After 45 minutes we have already covered 3 kilometers - so it can go on, we think to ourselves - and reach Black Lake. Probably the dark conifers that grow on the steep slopes around the lake and are reflected black in the water gave the lake its name. Although just as black as the forest around it, it is probably a good landmark from the air, at least the British chose it during World War II as a landing site for their paratroopers pledging support to Tito’s partisans for the Battle of the Sutjeska (see Podcast Episode 6, in German only).

3 kilometers in 45 minutes - so it went on by no means. Behind the lake, located at 1420 meters above sea level, the path leads steeply up the aforementioned wooded slopes. Everything is wet and damp from the night rain. At 1650 meters we enter a white wall - we have reached the cloud line. At a viewpoint at 1720 meters, which otherwise probably allows one a picturesque view back down to Black Lake, we see only the trees within ten meters of us and then white.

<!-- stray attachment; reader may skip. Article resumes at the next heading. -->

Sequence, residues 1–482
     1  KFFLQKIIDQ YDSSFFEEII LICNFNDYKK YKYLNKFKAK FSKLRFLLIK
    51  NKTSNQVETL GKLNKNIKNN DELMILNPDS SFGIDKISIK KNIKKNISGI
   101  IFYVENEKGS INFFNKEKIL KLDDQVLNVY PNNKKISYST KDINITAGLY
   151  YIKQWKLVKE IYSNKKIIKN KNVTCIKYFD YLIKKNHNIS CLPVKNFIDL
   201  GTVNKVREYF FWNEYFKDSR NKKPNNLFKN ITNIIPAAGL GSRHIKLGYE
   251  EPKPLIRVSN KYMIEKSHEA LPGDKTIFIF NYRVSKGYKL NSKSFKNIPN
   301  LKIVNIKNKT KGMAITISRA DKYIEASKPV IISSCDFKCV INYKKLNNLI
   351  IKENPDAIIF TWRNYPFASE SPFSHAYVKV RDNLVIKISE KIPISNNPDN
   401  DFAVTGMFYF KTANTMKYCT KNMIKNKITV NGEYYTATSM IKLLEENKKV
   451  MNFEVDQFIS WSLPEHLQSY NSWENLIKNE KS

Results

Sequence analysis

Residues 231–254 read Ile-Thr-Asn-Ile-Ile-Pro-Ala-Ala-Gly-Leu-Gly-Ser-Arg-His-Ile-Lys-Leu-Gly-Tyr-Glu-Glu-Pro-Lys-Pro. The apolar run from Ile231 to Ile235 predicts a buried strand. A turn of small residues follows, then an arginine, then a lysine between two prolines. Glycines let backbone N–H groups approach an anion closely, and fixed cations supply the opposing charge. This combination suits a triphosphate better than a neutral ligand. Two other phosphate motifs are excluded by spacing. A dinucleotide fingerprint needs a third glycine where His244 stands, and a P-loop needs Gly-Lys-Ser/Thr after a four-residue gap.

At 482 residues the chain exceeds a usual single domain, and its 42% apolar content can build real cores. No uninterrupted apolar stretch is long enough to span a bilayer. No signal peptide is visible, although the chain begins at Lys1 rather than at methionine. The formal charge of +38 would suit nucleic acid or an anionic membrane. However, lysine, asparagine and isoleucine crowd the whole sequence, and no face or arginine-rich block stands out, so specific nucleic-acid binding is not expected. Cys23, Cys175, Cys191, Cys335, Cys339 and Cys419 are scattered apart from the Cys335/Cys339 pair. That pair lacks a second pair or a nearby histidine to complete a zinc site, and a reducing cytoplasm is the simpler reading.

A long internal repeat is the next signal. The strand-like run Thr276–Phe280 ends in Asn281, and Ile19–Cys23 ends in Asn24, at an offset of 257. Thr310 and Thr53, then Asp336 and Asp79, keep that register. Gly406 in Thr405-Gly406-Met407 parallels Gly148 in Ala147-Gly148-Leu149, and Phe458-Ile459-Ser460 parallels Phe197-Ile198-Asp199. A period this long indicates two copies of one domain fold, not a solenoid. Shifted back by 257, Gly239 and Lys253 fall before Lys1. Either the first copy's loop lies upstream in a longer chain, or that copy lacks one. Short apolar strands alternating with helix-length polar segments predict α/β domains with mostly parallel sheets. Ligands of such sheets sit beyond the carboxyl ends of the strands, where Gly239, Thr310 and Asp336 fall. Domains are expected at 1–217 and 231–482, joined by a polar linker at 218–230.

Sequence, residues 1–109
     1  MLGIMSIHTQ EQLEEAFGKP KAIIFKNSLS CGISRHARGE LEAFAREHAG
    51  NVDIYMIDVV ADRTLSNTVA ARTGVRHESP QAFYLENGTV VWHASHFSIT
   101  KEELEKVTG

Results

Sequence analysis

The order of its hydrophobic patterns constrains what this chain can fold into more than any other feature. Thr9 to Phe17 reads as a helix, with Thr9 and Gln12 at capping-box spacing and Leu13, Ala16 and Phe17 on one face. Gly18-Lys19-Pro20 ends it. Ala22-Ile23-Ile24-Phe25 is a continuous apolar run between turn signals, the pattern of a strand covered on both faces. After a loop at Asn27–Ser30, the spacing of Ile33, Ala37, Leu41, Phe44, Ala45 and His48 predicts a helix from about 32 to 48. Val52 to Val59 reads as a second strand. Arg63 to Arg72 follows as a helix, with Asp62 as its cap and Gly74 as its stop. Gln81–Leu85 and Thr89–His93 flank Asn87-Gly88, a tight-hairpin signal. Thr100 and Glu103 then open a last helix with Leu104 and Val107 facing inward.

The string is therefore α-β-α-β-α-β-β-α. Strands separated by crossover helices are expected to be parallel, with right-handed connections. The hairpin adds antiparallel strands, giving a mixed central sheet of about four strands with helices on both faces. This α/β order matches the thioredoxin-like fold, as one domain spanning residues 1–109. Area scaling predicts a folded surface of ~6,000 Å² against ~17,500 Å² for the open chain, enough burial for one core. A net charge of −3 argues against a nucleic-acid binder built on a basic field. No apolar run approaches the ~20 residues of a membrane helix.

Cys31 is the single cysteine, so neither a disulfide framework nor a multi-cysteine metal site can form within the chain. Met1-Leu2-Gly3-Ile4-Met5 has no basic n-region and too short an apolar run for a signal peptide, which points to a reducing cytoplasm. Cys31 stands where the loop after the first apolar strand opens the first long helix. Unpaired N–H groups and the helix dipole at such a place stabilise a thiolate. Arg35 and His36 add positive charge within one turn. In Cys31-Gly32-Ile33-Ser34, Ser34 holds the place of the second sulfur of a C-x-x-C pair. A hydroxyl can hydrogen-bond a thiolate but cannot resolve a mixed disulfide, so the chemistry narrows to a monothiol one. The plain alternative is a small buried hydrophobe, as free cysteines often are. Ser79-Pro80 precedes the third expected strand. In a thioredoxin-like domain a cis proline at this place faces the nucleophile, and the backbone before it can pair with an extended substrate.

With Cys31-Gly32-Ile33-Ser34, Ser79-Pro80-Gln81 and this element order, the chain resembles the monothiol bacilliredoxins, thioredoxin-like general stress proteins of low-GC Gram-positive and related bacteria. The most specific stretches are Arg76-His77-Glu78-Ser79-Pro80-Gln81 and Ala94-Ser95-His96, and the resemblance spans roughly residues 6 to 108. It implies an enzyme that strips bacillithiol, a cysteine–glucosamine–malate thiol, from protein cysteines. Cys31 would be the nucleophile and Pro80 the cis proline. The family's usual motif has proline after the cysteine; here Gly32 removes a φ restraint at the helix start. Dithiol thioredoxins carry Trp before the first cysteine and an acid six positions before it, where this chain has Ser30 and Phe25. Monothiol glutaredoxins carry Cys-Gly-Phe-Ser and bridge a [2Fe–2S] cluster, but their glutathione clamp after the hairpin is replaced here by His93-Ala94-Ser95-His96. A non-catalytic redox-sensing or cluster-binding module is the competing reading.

At this altitude, the forest now gives way to conifers only up to two meters high, which do not grow like trees but rather like bushes. The path leads repeatedly through the middle of the branches, so that the damp bushes wipe their water on us from all sides. Sometimes holes are briefly torn in the clouds around us and give an idea of what grandiose views would be possible here in better weather.

To get to the Ice Cave at 2200 meters, we have to use our hands to climb for the first time. The cave protrudes perhaps thirty meters into the mountain, is perhaps five or ten meters high and leads steeply down. Glacial ice has formed on the steep floor, protected from the sun by the cave, and persists through the summer. At the bottom of the cave, water dripping down from the cave ceiling has formed some stalagmites of ice. Accordingly, it is cold in there and when we climb out again the temperature contrast is magnified, because actually the sun shows up briefly and warms us up again!